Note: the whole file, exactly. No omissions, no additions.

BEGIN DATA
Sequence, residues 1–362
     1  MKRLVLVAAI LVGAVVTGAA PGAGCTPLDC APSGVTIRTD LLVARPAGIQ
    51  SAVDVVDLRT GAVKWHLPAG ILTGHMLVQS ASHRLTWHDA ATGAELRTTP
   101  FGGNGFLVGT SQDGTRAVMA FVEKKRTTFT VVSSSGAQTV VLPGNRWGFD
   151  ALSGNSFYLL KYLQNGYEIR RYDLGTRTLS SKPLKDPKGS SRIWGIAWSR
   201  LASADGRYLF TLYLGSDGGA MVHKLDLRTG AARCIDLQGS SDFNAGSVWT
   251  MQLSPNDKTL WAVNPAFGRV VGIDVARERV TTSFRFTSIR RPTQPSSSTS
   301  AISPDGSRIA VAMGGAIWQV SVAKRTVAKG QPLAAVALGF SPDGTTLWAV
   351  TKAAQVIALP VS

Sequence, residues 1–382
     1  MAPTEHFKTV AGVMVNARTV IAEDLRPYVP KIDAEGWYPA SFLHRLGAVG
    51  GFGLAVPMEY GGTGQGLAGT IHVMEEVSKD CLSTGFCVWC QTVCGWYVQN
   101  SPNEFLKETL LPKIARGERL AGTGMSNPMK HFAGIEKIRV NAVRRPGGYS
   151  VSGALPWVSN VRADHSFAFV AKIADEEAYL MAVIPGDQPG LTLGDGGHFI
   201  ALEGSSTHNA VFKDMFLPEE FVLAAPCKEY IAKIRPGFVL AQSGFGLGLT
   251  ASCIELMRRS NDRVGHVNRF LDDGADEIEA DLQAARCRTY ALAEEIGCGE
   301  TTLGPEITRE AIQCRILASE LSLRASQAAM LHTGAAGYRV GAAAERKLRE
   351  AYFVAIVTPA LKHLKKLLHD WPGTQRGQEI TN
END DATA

Sequence, residues 1–362
     1  MKRLVLVAAI LVGAVVTGAA PGAGCTPLDC APSGVTIRTD LLVARPAGIQ
    51  SAVDVVDLRT GAVKWHLPAG ILTGHMLVQS ASHRLTWHDA ATGAELRTTP
   101  FGGNGFLVGT SQDGTRAVMA FVEKKRTTFT VVSSSGAQTV VLPGNRWGFD
   151  ALSGNSFYLL KYLQNGYEIR RYDLGTRTLS SKPLKDPKGS SRIWGIAWSR
   201  LASADGRYLF TLYLGSDGGA MVHKLDLRTG AARCIDLQGS SDFNAGSVWT
   251  MQLSPNDKTL WAVNPAFGRV VGIDVARERV TTSFRFTSIR RPTQPSSSTS
   301  AISPDGSRIA VAMGGAIWQV SVAKRTVAKG QPLAAVALGF SPDGTTLWAV
   351  TKAAQVIALP VS

Sequence, residues 1–382
     1  MAPTEHFKTV AGVMVNARTV IAEDLRPYVP KIDAEGWYPA SFLHRLGAVG
    51  GFGLAVPMEY GGTGQGLAGT IHVMEEVSKD CLSTGFCVWC QTVCGWYVQN
   101  SPNEFLKETL LPKIARGERL AGTGMSNPMK HFAGIEKIRV NAVRRPGGYS
   151  VSGALPWVSN VRADHSFAFV AKIADEEAYL MAVIPGDQPG LTLGDGGHFI
   201  ALEGSSTHNA VFKDMFLPEE FVLAAPCKEY IAKIRPGFVL AQSGFGLGLT
   251  ASCIELMRRS NDRVGHVNRF LDDGADEIEA DLQAARCRTY ALAEEIGCGE
   301  TTLGPEITRE AIQCRILASE LSLRASQAAM LHTGAAGYRV GAAAERKLRE
   351  AYFVAIVTPA LKHLKKLLHD WPGTQRGQEI TN